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Discussion Starter #1
Went to a A/C shop today to get a diagnosis for $20. Lost about 0.5 lbs of R134 over the year, so he added that in. Low pressure OK, high pressure appears about 50 psi low. I can't validate that with the Honda manual. Got the temperature down to 70*, but that's about it. Their recommendation is that the compressor is weak, and should be replaced. Oh, and BTW, the expansion valve and accumulator/Drier should be replaced as well, as the compressor decomposition contaminates those pieces. Compressor part is $232; total parts and labor is $792. I passed.

I think it is time to seriously consider selling the car. The only problem is that SWMBO still isn't working, and I can't afford a new car, nor an old car likely to have repairs.
 

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A half pound of R134 isn't bad. You know the saying, "If it ain't broke, don't fix it!" With that many miles. I'd be leery of spending $800 on a/c. Just drive it and if the a/c gets worse, replace the parts yourself. Air conditioning work is not hard, but you do need a vacuum pump and gauges. Surely you know someone with access to these.
 

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Gotta Honda graveyard about 3 miles from my house, get me a part number and I see if they have a compressor. You'll have to get the filter drier new. Course it'l cost you for my services but I'll give you the summer rate.

J. Boggs
 

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you'de think a guy with a garage like yours could do that sort of repair himself. :p

and i can't resist one more

iIt can't be broke, its a honda, they never break!

Seriously i do agree with changing the other parts when changing the compressor.

The A/C should be cyling on and staying on 99% of the time and not repeatedly engaging and disingaging. The electronic fan should be running full time when the A/C is on. If its doing that then the seal must be broken and the system purged and filled on any repair.
 

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Discussion Starter #6
I looked at the physical aspects of doing the work myself, and it's not that bad. I don't have gauges, hosing, and expertise to determine if I did it right or not. The cost of parts alone is nearly $350. With Midlife on the lift, I have to work on the car just like you do. It's do-able, but should I?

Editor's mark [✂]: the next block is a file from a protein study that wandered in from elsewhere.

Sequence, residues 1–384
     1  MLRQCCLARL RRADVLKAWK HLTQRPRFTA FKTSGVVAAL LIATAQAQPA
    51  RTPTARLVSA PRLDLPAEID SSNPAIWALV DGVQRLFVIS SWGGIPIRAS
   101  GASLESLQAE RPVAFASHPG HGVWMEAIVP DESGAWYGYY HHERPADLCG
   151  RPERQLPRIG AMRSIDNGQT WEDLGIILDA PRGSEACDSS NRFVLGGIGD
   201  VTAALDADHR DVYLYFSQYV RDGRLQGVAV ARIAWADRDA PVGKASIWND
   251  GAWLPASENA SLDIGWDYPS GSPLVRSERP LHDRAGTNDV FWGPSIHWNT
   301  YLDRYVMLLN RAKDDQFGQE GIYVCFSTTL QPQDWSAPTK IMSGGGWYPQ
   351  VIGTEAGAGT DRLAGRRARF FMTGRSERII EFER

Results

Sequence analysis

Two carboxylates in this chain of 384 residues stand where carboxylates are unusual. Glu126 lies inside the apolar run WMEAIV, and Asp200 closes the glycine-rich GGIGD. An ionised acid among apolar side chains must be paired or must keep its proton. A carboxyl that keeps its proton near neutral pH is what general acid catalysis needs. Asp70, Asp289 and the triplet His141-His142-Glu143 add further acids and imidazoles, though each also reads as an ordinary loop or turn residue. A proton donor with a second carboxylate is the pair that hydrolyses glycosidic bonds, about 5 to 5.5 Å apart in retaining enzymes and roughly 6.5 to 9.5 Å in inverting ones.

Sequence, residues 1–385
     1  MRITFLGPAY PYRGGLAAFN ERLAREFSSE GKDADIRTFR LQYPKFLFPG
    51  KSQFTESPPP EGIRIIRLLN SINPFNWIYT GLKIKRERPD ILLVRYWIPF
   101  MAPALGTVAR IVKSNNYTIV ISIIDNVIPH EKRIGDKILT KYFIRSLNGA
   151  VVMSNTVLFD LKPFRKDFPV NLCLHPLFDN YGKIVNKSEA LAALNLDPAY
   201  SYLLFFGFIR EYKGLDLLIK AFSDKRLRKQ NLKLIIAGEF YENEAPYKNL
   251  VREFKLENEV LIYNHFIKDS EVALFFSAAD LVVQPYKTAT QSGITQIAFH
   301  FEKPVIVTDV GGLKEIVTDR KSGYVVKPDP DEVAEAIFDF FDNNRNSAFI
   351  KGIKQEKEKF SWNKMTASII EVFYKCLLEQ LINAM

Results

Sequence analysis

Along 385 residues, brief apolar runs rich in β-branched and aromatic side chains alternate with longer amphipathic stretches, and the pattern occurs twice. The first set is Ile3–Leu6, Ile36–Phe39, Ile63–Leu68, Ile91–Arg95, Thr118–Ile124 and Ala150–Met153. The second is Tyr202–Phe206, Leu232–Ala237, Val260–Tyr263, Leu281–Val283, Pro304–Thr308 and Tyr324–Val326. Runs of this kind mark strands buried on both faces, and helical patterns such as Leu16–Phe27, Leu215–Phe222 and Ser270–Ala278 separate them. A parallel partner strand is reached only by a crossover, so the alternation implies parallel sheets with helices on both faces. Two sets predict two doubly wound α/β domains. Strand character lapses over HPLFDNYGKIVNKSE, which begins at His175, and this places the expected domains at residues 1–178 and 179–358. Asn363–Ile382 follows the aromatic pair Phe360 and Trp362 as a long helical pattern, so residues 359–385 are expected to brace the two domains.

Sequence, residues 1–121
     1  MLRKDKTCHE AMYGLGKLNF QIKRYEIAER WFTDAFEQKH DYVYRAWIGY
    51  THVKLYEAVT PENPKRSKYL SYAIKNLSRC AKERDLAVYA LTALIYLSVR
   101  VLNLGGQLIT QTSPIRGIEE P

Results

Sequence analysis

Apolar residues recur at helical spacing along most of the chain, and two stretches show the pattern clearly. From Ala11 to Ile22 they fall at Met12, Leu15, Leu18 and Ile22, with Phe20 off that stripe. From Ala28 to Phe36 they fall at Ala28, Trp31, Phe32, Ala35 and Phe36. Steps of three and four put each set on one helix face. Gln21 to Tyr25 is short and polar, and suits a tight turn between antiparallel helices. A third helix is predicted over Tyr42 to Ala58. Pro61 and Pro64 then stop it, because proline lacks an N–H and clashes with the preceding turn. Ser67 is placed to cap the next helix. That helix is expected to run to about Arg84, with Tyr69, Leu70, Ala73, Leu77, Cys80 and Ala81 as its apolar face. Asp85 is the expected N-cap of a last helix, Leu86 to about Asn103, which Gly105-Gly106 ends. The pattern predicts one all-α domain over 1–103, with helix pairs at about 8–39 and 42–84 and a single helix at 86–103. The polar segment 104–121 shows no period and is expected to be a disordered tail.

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Go for it. Replace all the o-rings and gaskets you can get at easily. Get the R-134a at Wal*Mart. I saw it for $4.50 a can over there. You can rent the guages and vacumn pump from most tool rental places. That's what I'll be doing this weekend. $350.00 isn't all that unreasonable to bring the A/C back on-line. Good luck!
 

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Midlife,

The pressure on the high pressure side is a function of the ambient temperature at the condensor. So, the question is what was the temp. of the ambient air passing over the condensor when they measured the high pressure side? They should have used a thermometer and corrected for it using a chart.

You can really drop that high side pressure by lightly misting the condensor with a garden hose. If it wasn't that hot, or they had a fan blowing over the condensor the pressure on the high side might appear "low". The main thing is to be able to condense the high pressure gas to a liquid so that you take advantage of the phase change (latent heat) that occurs downstream of the orifice and in the evaporator (where the cooling happens).

Personally, I agree with you and wouldn't do anything right now but find the leak, then spend the rest of the $$ on Midlife!
 

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Discussion Starter #11
Thanks, Roadracer, that's probably what I'm going to do: nothing. There is no leak per se, only a loss of 0.5 lbs over 8 years, which ain't bad. The A/C appears to be weak, and tolerable for local traffic. On long road trips, the car doesn't cool effectively, so I'll upgrade to the wife's Exploder for that.
 
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